What were they thinking? I just got back from the French Alps where, in addition to obtaining a nasty sunburn, sore legs from snowshoeing, and a new appreciation for Savoyard cuisine, I learned a bit about mountain building design throughout the ages. A hiking expedition took me past old stone houses and an adorable stone church that recall a simpler time in the valley; a time before ski lifts, tourist shops, and noisy British vacationers. Some of the houses were even still occupied by local residents. Architecturally appealing, they make you want to buy one of your own, move in, and enjoy an authentic mountain existence.
Compare these structures, which fit perfectly into the gorgeous landscape, with the 70s-era monstrosities created to house crowds of tourists. The only word one can use to describe the modern buildings is "hideous." They lack character and taste. I was happy that the hotel I stayed in looked nothing like them, resembling a quaint chalet instead. What on earth made builders of the 1970s think that their design choices were acceptable? Their creations are unfortunate eyesores that mar the awe-inspiring mountainside. Rather than convincing you to set up shop in the Alps, they make you want to run as fast as you can in the other direction!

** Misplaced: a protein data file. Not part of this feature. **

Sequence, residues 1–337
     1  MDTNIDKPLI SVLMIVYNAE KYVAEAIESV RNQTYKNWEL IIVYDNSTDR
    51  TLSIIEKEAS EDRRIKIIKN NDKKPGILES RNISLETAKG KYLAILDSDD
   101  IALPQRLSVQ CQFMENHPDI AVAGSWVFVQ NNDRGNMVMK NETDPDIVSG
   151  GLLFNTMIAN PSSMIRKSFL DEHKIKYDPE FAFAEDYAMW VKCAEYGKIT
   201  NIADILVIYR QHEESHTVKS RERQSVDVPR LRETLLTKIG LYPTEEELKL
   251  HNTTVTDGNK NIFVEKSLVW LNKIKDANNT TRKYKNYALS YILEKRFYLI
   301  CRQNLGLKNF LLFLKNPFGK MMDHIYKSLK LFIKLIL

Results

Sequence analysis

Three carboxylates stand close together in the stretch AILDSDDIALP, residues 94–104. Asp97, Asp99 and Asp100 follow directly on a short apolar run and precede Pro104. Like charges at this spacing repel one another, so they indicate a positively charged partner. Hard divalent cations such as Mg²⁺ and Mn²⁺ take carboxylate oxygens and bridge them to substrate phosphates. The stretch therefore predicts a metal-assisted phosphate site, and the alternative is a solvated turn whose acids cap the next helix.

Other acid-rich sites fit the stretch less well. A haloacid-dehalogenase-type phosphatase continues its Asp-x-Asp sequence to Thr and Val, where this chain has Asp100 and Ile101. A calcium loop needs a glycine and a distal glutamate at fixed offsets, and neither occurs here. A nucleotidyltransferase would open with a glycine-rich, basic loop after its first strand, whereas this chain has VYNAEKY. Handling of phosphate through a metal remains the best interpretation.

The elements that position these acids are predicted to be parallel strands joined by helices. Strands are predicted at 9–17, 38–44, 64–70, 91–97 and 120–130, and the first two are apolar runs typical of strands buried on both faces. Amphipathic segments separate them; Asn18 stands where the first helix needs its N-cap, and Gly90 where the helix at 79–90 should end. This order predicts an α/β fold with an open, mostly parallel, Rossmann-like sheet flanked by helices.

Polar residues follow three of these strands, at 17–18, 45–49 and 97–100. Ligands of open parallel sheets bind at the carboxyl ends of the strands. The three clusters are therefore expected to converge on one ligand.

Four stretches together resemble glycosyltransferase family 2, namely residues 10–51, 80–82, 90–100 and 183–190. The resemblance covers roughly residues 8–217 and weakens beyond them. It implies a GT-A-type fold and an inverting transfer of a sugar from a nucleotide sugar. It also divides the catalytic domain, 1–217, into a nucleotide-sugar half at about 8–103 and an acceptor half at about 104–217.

Old stone houses in the Alps have stood the test of time. Despite all of the modern building projects that have gone on around them, their charm and historical significance have thankfully spared them the wrecking ball. Hopefully, their 20th-century descendants won't be so lucky.